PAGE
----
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Stellantis' Tavares launches charm offensive with Italian unions

Stellantis' Tavares launches charm offensive with Italian unions

FILE PHOTO: Carlos Tavares, when Chief Executive Officer and Chairman of the Managing Board of PSA Group, attends the Tomorrow In Motion event on the eve of press day at the Paris Auto Show, in Paris, France, October 1, 2018. REUTERS/Regis Duvignau

MILAN: Stellantis Chief Executive Carlos Tavares is touring the group's Italian plants, getting relations with local unions off to a good start as the newly-formed automaker seeks over 5 billion euros (US$6.1 billion) a year in savings.

The world's fourth-biggest carmaker was officially created on Saturday from the merger of Fiat Chrysler (FCA) and Peugeot-maker PSA, with former PSA boss Tavares becoming group CEO.

FCA and PSA pledged to achieve the savings without closing any plants, and Tavares earlier this week also committed to not cutting jobs.

In a gesture welcomed by Italy's unions, the CEO is visiting some of the group's main production sites in the country: Turin's Mirafiori on Wednesday, Melfi in the south on Thursday and Cassino in the centre on Friday.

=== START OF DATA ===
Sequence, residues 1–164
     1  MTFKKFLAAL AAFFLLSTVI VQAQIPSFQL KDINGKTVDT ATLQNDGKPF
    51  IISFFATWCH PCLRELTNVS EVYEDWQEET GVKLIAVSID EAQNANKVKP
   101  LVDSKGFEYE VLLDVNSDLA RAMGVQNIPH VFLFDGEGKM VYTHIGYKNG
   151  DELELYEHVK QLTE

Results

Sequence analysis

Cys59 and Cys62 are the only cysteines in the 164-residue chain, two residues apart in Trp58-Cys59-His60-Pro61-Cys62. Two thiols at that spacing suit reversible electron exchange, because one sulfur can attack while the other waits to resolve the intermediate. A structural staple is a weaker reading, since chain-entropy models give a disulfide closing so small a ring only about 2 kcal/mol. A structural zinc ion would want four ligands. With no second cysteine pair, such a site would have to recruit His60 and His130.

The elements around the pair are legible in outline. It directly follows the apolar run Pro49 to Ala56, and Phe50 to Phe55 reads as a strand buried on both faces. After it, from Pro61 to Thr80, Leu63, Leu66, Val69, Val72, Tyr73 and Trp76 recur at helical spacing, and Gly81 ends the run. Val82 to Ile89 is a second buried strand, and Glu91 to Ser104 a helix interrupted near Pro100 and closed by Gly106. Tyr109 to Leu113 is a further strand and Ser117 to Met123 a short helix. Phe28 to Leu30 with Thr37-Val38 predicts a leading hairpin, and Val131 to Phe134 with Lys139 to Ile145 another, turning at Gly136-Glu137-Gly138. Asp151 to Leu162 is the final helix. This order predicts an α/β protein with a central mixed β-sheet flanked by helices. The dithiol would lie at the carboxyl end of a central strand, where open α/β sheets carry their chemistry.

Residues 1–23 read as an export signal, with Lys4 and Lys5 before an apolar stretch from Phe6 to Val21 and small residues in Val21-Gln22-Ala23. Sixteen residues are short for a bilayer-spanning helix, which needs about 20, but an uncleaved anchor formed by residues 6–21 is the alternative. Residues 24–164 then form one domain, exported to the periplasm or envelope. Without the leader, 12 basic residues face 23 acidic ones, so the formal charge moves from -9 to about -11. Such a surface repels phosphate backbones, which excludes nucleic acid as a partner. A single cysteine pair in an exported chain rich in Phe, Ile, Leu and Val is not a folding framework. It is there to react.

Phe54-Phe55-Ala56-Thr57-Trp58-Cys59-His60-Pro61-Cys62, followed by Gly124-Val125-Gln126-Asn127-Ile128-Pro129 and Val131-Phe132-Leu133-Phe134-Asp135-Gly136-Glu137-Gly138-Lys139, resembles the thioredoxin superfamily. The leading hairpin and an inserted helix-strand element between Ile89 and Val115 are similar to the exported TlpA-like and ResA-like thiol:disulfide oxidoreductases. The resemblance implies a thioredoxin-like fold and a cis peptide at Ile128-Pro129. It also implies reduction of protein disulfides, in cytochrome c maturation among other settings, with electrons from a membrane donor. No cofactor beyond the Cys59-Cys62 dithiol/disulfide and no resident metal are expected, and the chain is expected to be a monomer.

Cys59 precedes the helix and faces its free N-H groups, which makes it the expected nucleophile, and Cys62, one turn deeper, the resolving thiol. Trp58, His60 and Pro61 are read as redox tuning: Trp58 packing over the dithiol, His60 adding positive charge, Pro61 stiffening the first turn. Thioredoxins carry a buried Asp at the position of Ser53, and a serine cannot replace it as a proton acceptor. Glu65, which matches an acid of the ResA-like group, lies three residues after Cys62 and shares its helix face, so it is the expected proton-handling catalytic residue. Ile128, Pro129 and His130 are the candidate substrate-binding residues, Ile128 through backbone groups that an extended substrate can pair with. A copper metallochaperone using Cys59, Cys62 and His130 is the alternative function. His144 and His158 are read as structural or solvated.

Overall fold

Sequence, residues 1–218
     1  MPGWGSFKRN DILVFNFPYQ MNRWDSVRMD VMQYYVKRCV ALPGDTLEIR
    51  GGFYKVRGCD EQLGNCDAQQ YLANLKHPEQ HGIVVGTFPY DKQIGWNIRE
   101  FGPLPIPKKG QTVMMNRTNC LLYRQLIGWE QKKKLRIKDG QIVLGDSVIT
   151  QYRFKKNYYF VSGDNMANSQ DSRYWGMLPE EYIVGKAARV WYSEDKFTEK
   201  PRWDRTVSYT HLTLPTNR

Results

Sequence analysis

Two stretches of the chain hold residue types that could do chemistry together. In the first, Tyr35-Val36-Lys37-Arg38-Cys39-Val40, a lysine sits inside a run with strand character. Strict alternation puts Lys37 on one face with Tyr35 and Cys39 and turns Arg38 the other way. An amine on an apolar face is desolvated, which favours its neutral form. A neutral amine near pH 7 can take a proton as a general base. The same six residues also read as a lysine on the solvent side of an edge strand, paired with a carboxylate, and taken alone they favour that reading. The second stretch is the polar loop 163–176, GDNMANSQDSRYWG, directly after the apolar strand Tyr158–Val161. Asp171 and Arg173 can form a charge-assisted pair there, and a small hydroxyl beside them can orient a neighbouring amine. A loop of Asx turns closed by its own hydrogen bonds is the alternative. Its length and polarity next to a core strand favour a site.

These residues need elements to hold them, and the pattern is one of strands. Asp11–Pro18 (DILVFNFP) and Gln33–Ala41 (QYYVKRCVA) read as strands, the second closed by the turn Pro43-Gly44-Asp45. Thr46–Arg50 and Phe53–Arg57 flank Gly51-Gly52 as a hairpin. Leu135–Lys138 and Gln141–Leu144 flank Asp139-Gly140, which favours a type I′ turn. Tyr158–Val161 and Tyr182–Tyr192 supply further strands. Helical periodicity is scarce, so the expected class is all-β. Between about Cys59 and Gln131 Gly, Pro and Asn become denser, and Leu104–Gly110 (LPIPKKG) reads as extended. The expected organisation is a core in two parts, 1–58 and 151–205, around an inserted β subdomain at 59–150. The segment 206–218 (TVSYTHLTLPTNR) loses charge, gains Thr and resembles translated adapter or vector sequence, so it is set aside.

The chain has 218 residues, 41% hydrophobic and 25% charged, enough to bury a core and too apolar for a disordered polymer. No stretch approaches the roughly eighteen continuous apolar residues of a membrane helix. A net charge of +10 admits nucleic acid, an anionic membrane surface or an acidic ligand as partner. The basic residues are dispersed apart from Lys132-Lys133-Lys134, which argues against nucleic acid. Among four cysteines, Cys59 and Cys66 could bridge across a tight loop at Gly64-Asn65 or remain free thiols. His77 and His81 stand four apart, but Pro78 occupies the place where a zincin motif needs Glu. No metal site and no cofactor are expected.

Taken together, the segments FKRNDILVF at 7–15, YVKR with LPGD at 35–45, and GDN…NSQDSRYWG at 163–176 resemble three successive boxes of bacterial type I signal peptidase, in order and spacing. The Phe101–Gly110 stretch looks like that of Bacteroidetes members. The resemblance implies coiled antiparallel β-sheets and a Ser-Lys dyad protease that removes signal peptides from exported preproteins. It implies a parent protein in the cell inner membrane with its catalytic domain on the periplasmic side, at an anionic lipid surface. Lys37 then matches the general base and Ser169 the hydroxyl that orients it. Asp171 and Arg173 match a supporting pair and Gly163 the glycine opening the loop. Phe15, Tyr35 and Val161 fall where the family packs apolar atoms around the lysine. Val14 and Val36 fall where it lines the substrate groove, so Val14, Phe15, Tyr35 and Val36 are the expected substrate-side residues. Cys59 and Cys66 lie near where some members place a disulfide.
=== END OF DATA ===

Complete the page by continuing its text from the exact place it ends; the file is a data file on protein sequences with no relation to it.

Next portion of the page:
Marco Lomio of the UILM union in the Basilicata region, where Melfi is located, said Tavares took time to listen to and answer all questions.

"It had never happened that a CEO had sat down to take questions from representatives at such a grassroot level," he said.

FCA CEO "Mike Manley had never paid us a visit at the plant. Tavares seems to be more in line with the style of former CEO Sergio Marchionne," Lomio added.

Earlier in the week, Tavares held a virtual meeting with the heads of Italy's national metalworker unions. The meeting was scheduled shortly after it was requested and was seen as an "act of respect" by Francesca Re David, who leads leftist metalworker union FIOM.

"It is important that he met all the unions and that he highlighted the need to invest in intellect, creativity and skills of Italian workers," she said.

Italy and France are Stellantis' two main production hubs in Europe, but Italian unions fear that after the merger the group's centre of gravity could shift towards Paris.

(Reporting by Giulio Piovaccari. Editing by Mark Potter)

Source: Reuters

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